Kenny Shiels' remarkable kiss-off to Kilmarnock in his first press conference as Morton manager may not have been quite up there with 'Here's looking at you, kid' or 'It ain't me babe', but its heartfelt honesty still raised eyebrows in the sternly unsentimental football circle.
"I fell in love with Kilmarnock," Shiels reminisced wistfully, no doubt dreaming of those summer nights stealing away to eat ice cream under the bleachers, kissing as the band marched past. "I wanted closure, so I went down to the training ground on Friday to close that off from my head."
Allan Johnston, his replacement at the club, was asked yesterday if he had fallen under as magical a spell. "I don't read what he says to be fair," he said, carefully, with a grin. "Kenny Shiels did really well here, he's a good manager, I'm sure he'll do well at Morton." Did he see Shiels when he came down to Rugby Park to get closure? "He was here early on, I think. I didn't see him."
Johnston rightly pointed out that his own affair with the club had already lasted years. "I was here for longer than any other club, so I know how good it is," he said.
"We've just got to make sure we get the results right on the park. It was difficult last week, but in our next few games we play the teams around us and if you can start winning then you can work your way up the table."
Johnston conceded his frustration about the uncertainties of the coming transfer window. With several players out of contract - or leaving at the end of loan spells - he has acted early, trialling hopefuls in anticipation of a possible exodus.
Jackson Irvine, the defender on loan from Celtic who has impressed most recently in midfield, is one Johnston would like to keep a hold of. "You'd imagine with him playing regularly he'd prefer to stay, with it being a World Cup year," said the Kilmarnock manager. Before all that can be sorted, though, Johnston will be looking to outwit his counterpart at Partick Thistle, Alan Archibald, on Saturday, knowing a victory will allow his side to skip above the Firhill club in the table. Archibald is still coming to terms with an injury to Isaac Osbourne, a player who his manager admitted has been a vital, tough-tackling cog in his midfield.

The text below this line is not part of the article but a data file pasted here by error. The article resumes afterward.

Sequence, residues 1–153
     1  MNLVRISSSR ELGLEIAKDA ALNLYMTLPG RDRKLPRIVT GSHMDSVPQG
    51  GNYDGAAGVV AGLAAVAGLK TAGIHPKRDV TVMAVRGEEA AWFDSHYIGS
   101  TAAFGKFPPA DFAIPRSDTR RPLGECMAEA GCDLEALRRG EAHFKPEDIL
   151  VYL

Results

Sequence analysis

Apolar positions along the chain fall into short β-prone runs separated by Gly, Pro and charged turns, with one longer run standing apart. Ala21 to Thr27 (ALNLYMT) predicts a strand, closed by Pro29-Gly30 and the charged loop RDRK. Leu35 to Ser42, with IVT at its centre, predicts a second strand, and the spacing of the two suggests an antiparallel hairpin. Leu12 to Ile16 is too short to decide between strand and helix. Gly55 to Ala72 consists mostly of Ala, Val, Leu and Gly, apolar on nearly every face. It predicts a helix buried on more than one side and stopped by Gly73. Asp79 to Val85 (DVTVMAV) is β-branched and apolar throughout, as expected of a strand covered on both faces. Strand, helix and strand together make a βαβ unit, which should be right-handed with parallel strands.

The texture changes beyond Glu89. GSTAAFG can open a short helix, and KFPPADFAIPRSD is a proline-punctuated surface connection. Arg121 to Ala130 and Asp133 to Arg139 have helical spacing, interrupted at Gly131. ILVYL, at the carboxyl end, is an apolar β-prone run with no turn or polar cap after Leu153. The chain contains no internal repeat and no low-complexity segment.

"He's been man of the match in about 80% of the games he's played," acknowledged Archibald. "I think he missed the first few, but he's been a colossus in there. We don't know how long he's out for, but it will definitely be lengthy. So he'll be a big loss, but it gives someone else a chance to step up."
Archibald has been scouring the British leagues, looking for talent to freshen up his squad in January. Farid El Alagui, the Brentford striker, is identified as one who could make an impact. The Moroccan-born Frenchman spent a year at Falkirk, where he scored 18 goals in 33 games and became something of a cult hero for kissing a lucky coin - kept safe by staff in the dugout - after every goal.
But Archibald was not optimistic that the deal would be done. "Not at the moment," he admitted. "They've just changed their manager so that's obviously a problem. So there was maybe a chance of him becoming available when the old manager was there, but that might have changed."
Archibald also confirmed he was interested in retaining the services of Gary Fraser, but said the decision would be taken by his parent club, Bolton Wanderers. "It's in their hands," he conceded.
As for their visit to Kilmarnock on Saturday, he recognised that there are a lot of similarities between the two clubs' situations. "They're much like ourselves, they've been up and down," he said. "They've leaked a few goals like ourselves as well. They've got a chance to go above us if they win, and we've got a chance to get to Hibs, so it's all to play for."
Did Archibald have any memories of playing against Kris Boyd, the Kilmarnock striker?
"Just him scoring," he sighed.